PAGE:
This is not a film for the passive cinema-goer as it almost willfully rejects the standard mainframe of movie thriller semantics, opting instead for a stripped down, austere chase narrative that darts deftly from LA to the Asian theatre, a dizzying travelogue of pungent international locations, of state of the art technological techniques that may prove impenetrable to some. Fans of the Mann however will be wallowing in hog-heaven as it plays as a greatest hits package of the auteurs ascetic obsessions – process and perfectionism, a shadow play of vaporous terrorism and government guile, an integrated world ripe with corrupted transgressions. In that light I enjoyed this immensely although it takes its time to get cracking, slowly building a design that burns brightly with the verisimilitude of Mann’s extraordinary focus on detail, and an almost obtuse disregard for those standard tropes of the standardized three act structure and climactic conclusion where all questions are answered. Hand-held, furtive and intrusive camerawork with an emphasis on long-held facial close-ups invites us to invest in the characters internal processing, dwarfed figurines set against impersonal architecture, enmeshed in a constant barrage of information amalgamated in the humid urban environment.
I realize I constantly harp on about the visual qualities of a movie, sometimes at the hindrance of other crucial elements in cinematic storytelling but there is no way around this – this movie is absolutely stunning, no-one shoots more breath-taking urban helicopter vistas than Mann and his embrace of the new digital possibilities are delicious, his camerawork harnessing jewels of light scattered like precious stones against a black velvet backdrop. You can simply curl up and let the images flood over your ocular CPU, and on that front alone I’ll probably be making a second technical appraisal visit. It’s also very economic with the action sequences but when they arrive they are energetic and electrifying, mastering cause and effect within the cinematic space, the international urban environment infected with metaphors of seeing and observation from advertising billboards to glittering stock market logarithms, the globalized economy reduced to an intangible confection of zeros and ones.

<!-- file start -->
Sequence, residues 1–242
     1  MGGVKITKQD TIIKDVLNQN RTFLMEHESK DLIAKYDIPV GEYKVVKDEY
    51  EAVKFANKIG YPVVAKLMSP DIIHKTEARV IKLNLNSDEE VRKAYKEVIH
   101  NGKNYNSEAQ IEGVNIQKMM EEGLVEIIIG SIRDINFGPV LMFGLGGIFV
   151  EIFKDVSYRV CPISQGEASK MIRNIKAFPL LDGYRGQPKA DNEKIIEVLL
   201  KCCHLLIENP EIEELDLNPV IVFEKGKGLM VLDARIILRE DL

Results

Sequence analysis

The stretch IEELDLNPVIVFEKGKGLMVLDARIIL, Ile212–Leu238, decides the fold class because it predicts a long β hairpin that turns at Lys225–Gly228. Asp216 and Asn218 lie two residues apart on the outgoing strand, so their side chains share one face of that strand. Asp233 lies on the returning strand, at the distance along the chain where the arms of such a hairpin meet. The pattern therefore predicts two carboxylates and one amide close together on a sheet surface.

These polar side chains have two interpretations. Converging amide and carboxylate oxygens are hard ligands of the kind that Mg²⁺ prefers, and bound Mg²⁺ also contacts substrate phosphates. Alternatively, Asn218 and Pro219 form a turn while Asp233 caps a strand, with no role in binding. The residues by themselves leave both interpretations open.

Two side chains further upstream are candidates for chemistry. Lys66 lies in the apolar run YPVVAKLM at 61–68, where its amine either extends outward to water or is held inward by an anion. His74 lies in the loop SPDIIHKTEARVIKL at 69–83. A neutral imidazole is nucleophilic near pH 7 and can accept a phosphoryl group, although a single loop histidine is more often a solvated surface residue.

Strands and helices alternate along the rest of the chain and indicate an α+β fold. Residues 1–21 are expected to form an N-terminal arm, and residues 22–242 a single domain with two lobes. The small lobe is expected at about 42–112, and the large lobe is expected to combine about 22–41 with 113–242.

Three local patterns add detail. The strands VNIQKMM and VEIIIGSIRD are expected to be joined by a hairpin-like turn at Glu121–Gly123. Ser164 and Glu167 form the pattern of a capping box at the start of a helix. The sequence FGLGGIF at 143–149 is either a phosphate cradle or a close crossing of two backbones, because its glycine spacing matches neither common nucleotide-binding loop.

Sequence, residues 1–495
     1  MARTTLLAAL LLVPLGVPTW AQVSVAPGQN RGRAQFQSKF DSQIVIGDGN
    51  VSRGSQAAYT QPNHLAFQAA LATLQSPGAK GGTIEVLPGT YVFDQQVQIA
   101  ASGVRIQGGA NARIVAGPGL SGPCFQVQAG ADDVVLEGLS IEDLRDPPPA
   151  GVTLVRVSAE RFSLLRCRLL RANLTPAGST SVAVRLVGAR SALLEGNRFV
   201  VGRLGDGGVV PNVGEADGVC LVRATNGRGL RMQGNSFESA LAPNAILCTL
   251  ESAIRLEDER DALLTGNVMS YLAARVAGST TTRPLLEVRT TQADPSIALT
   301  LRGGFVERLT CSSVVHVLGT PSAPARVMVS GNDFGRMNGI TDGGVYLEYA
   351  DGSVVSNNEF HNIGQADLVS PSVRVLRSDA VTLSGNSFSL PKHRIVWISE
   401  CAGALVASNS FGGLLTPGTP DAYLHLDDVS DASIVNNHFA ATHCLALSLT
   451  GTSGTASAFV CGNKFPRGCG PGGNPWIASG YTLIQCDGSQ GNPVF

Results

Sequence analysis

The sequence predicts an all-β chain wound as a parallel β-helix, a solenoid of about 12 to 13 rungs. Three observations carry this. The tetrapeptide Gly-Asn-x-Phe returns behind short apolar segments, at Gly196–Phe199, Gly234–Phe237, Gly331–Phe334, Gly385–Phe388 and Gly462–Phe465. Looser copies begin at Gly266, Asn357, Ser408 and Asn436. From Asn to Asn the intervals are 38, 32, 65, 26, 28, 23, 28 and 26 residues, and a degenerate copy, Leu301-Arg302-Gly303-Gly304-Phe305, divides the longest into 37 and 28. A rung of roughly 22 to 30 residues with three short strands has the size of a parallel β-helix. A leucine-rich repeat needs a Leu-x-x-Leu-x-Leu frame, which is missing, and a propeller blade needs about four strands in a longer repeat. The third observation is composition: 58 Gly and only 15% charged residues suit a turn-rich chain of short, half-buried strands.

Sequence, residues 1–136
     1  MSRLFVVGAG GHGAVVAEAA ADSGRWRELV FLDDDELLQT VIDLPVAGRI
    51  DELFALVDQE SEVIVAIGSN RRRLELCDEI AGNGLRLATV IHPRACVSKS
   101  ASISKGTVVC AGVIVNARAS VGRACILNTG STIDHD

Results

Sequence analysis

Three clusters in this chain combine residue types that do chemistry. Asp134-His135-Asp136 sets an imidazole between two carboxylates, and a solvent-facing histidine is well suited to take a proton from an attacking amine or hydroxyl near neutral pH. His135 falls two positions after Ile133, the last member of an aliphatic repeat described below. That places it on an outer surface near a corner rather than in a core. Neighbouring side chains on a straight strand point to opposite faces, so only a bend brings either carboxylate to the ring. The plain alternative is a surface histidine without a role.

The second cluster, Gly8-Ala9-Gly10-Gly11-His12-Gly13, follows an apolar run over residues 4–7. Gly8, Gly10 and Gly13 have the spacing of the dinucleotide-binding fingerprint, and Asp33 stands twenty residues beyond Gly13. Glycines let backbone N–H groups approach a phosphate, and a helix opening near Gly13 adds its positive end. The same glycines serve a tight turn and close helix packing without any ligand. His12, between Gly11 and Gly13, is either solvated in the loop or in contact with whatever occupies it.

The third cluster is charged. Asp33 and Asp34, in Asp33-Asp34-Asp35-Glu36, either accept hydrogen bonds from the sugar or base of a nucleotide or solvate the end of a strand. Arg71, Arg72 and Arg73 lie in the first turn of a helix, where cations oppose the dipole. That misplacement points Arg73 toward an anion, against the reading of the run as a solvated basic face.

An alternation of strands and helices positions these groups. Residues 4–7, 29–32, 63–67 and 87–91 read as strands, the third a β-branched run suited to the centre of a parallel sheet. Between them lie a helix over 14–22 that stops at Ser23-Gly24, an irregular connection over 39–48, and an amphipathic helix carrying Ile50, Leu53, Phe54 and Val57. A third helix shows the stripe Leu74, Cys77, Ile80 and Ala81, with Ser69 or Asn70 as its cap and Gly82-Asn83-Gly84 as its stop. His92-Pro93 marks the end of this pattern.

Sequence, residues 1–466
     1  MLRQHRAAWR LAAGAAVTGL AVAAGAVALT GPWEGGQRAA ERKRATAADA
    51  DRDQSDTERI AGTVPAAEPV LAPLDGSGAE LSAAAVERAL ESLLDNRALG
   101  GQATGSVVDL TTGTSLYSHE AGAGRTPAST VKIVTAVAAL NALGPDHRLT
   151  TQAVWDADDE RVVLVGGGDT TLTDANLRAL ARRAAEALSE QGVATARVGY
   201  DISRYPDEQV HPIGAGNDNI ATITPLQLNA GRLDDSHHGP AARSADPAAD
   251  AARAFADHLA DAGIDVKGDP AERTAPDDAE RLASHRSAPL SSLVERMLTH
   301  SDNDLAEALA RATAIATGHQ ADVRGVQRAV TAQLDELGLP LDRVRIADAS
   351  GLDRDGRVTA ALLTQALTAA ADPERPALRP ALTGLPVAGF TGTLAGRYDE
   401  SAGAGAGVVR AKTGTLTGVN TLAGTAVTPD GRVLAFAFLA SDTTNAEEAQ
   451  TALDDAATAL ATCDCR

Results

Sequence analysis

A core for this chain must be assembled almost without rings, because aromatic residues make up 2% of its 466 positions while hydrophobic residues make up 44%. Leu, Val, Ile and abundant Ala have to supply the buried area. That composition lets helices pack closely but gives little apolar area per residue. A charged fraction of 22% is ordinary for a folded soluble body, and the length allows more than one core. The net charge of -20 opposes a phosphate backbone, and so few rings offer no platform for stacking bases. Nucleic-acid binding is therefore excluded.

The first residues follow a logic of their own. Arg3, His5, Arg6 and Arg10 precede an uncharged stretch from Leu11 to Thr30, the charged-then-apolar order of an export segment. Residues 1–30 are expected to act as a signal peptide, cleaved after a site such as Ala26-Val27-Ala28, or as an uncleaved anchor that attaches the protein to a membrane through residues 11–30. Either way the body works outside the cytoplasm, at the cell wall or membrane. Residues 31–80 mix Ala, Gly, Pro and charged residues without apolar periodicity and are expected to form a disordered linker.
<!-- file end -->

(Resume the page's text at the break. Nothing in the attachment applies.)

The weak link in the key chain however is Hemsworth. Although his rather stodgy characterization deepens as the plot accelerates (and it’s never fully convincing that this information era impresario is also a master of close quarter combat despite his stretch in the big-house) he simply doesn’t have the screen caliber of Will Graham or Vincent Hanna in the pantheon of Mann’s acetic archetypes, and the furtive romance with Wei (with strong echoes of the Gong Li & Colin Farrell’s doomed tryst in Miami Vice) doesn’t catch fire. As usual a new film from a celebrated auteur has resulted in a few compelling career retrospectives and revisits of their strongest work, alongside the recent 4K Blu-Ray restoration of Thief which is an absolutely essential score. In any case for us acolytes its wonderful to have another addition to the Michael Mann manifesto, another text to discuss, deconstruct and interrogate in comparison to his other films, another abstract addendum of its age;